Beginners Guide to the Caveman Diet
The caveman, or Paleolithic, diet is a food philosophy and fad that was popularized by the book The Paleo Diet, written by Loren Cordain in 2002. Popularly referred to as the Paleo diet, this diet encourages one to make food choices based on what was available for our early hunter-gatherer ancestors. It remains one of the most popular diets of this century so far and encourages one to think about food in a new way.
The Philosophy of the Caveman Diet
The book and its fans stipulate that if one modeled their lifestyle after the same diet and level of exercise as a Stone Age individual, one would lead a healthier existence. This philosophy may be complex in its details, but it’s simple and easy to remember in its initial practice. This is perhaps why it is so popular: it’s emphasized as a long-term lifestyle choice rather than a strict diet with a harsh set of rules. One can simply ask oneself whether cavemen had this particular food item available or the level of effort they needed to put in to attain that food item, then eat accordingly.
What Foods Should Be Avoided
This diet leads the crusade against processed foods. There are many foods that were most likely never consumed by humans before the advent of agriculture, and those are excluded, too. They include dairy products, complex grains, starchy veggies and fruits, processed oils (like vegetable oil), legumes like beans, sugars, salt, and many different types of beverages, like coffee, tea, and alcohol. The diet completely cuts out foods that have been highly processed, and that includes everything from cakes to crackers to French fries to cheeses. For instance, a classic Italian-American meal of pasta and marinara sauce is not caveman-like at all, so it’s not allowed.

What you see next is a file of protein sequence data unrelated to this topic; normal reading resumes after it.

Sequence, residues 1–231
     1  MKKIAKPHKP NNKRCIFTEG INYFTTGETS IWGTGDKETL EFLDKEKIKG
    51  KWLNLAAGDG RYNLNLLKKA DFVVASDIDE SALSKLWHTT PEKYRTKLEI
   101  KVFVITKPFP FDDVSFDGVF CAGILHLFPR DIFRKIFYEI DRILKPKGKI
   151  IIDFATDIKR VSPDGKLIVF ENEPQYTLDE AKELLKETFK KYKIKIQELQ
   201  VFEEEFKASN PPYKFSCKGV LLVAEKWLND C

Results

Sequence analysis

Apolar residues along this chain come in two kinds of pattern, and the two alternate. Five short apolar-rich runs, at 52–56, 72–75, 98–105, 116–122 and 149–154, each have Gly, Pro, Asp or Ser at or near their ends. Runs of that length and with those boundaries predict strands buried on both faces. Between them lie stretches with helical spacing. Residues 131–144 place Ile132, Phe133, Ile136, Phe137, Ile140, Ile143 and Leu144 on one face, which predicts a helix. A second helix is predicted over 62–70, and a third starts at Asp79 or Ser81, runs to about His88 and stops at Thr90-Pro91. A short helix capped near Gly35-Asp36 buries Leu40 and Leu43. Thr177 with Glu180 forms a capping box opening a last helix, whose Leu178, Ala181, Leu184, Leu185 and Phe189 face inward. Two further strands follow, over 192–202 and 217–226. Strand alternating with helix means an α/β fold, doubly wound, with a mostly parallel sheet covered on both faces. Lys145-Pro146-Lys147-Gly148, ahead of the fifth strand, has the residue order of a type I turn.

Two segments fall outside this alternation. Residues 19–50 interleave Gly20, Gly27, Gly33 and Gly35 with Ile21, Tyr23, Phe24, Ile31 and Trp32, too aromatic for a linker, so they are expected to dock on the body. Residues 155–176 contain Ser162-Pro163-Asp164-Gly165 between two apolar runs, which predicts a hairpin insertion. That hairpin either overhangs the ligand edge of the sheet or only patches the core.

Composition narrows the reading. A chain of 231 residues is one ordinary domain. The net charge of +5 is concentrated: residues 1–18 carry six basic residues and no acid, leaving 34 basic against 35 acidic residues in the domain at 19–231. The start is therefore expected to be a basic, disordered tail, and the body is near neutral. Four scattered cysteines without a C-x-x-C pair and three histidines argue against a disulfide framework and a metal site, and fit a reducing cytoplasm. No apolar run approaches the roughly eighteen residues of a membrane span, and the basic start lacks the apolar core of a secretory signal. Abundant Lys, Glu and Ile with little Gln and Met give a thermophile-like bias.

What Foods Can Be Eaten
Focus on what may have been available for our ancestors and one can come up with a shorter list of non-processed foods that were available if one hunted and gathered in the wild. Hunter-gatherers didn’t have time to bake, season, or extensively prepare foods. They grabbed what was available and ate it or heated it up over a fire and then ate it. Lean meats and seafood are encouraged, leading the diet to have a higher amount of protein and “good” fat intake than other diets. Also allowed are high-fiber fruits and veggies. Certain nuts, berries, and leafy greens are encouraged as well.
Criticisms of the Diet
Like with any food fad, this lifestyle is not without its criticisms. Some of them are centered around the historical accuracy of the supposed diet of Stone Age people. For instance, there is a huge variance in diet depending on the geographic region of one’s ancestors. And food decisions are being based on assumptions of a group we hardly know anything about; Stone Age people didn’t exactly leave cookbooks lying around at archeological sites. They may have been consuming dairy, cheeses, grains, and breads much easier than caveman-dieters think. Other complaints have to do with evolution and the fact that human beings have evolved a great deal in the past 10,000 years. Our stomachs have adapted and changed to suit our diets over time. Lastly, the lack of carbs and dairy can be damaging if not carefully monitored, especially for certain groups like children and teens.
Who Would Benefit From This Diet
Who would make a great caveman? Because one cuts out complex starches and other glucose-related foods with this diet, certain diseases can be controlled more effectively. Also, this lifestyle is perfect for one looking for a low-carb diet that’s behavior-based and more forgiving. The best part of the Paleolithic/caveman diet is that it forces one to think about foods in a new way. So, for those looking for a long-term lifestyle change rather than simply a strict set of rules one must dedicate themselves to, the caveman diet is perfect.
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Summer Banks has researched over 5000 weight-loss programs, pills, shakes and diet plans. Previously, she managed 15 supplement brands, worked with professionals in the weight loss industry and completed coursework in nutrition at Stanford University.